To his right stood Arthur Pendragon III, his dearest childhood friend, comrade and warrior to his tactician and historian, and something even beyond a brother. To his left stood Caelestis Zoranov, his most demanding professor, advisor, and something even beyond a father-figure.
Cael sighed and looked at the sun. “Why are we up so early? If I’ve seen one sun rise, I’ve seen a thousand. They’re becoming a bit gratuitous.”
Spencer popped a cookie and looked out at the sun, as well. It punched its way through the clouded grey sky like candlelight flaring off the surface of a looking glass. The bay leading up to the cliff face, the Edge, sparkled with silvery white caps and smelled of sea foam. “I don’t know exactly. Magic woke me up and led me out here and said I would find the start to my story if I watched the sunrise.”
“Magic says a lot of things,” said Arthur. “Magic once told me to lay naked in a field sipping wine at midday and engage in conversation with a crow, and I didn’t do that.” The two other men turned away from the sunrise to stare at him. He shirked his long coat further up on his shoulders. “Well, I didn’t.”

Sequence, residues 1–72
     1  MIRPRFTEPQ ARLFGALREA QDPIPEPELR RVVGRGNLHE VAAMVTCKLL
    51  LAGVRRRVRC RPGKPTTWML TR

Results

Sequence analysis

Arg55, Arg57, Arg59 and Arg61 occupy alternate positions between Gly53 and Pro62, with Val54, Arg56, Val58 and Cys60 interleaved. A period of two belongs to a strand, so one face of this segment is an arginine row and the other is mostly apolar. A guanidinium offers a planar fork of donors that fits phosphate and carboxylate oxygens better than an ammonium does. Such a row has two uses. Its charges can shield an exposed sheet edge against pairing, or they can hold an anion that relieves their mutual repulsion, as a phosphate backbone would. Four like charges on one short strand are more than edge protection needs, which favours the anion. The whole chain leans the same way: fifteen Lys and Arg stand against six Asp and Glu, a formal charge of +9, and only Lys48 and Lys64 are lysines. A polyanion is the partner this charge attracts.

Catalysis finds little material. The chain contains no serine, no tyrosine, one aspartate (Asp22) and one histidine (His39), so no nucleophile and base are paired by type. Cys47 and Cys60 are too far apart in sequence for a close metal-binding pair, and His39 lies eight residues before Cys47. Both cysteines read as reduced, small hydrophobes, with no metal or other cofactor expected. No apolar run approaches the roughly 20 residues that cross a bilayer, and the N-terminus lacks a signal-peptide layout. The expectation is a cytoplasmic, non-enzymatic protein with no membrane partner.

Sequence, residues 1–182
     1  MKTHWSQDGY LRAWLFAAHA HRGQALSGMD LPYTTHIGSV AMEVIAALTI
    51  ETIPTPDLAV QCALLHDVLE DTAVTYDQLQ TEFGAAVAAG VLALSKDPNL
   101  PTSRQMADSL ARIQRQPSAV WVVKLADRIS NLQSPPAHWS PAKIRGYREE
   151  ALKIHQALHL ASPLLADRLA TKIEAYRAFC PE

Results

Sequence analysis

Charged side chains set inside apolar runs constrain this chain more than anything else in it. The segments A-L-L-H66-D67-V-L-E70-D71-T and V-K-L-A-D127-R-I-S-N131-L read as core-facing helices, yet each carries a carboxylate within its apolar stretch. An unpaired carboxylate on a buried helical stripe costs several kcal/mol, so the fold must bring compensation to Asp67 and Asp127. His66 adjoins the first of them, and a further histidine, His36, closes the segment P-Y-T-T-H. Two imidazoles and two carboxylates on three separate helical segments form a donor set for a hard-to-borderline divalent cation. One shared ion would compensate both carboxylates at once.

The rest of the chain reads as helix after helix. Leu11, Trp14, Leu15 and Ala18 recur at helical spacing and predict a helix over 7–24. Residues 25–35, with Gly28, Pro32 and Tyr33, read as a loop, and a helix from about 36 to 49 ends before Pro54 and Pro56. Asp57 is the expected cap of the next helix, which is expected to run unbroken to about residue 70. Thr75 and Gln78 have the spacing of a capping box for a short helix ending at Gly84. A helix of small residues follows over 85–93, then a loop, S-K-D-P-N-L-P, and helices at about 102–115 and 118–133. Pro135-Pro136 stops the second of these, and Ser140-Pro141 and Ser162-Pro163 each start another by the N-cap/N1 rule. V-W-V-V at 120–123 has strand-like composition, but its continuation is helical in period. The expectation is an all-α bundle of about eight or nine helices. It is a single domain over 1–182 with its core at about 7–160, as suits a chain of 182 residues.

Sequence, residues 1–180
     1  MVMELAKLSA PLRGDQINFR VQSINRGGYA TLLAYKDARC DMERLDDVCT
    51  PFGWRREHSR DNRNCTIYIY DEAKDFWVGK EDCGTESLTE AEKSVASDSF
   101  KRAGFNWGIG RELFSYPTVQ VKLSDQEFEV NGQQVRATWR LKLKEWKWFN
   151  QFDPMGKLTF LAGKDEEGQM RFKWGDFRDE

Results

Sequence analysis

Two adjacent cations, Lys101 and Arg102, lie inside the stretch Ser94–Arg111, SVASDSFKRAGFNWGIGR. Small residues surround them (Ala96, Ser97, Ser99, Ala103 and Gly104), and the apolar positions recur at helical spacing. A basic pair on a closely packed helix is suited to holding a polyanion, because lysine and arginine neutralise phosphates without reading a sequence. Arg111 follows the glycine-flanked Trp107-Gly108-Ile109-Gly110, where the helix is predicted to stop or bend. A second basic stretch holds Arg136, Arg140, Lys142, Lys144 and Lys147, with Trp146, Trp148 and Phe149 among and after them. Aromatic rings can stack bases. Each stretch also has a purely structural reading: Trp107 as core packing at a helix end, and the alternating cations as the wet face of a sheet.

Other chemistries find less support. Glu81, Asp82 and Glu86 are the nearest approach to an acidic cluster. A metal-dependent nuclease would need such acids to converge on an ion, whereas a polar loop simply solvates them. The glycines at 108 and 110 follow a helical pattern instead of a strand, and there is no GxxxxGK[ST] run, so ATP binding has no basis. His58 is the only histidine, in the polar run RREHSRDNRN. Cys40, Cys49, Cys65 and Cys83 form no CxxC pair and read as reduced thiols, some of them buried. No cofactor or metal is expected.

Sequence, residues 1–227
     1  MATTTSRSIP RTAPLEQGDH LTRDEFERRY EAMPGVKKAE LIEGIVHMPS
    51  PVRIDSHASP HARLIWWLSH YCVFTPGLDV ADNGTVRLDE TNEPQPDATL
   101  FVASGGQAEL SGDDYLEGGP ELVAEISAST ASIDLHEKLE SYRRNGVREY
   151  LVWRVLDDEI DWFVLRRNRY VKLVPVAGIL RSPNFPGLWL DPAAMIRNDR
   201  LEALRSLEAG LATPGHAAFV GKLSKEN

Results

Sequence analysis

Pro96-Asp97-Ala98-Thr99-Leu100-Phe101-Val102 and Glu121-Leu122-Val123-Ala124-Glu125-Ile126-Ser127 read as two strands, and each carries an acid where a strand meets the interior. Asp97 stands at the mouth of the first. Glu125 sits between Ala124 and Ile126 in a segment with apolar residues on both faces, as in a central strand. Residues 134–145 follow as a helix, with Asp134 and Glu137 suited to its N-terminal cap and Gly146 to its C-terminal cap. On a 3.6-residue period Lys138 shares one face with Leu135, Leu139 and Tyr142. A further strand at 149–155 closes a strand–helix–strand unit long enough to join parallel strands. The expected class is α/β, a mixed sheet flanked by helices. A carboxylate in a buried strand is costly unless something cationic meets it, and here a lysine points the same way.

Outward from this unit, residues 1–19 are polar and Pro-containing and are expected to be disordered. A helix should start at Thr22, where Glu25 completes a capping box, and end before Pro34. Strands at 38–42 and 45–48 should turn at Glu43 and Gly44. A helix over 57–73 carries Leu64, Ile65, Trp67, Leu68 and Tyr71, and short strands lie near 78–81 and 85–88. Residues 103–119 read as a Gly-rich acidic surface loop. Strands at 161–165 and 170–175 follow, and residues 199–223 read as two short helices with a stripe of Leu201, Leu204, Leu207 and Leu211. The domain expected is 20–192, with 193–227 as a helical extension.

“Then why did you come here?” asked Spencer.
Arthur rubbed his beard and crossed his arms. “Felt different. Give me one of those.”
Spencer passed over a ginger snap and nodded. It did feel different. Out here on the Edge, things usually did, but this morning even more so. He glanced to Cael out of the corner of his vision and saw that, despite his initial grousing, the sprite had closed his eyes and turned them upward into the oncoming light.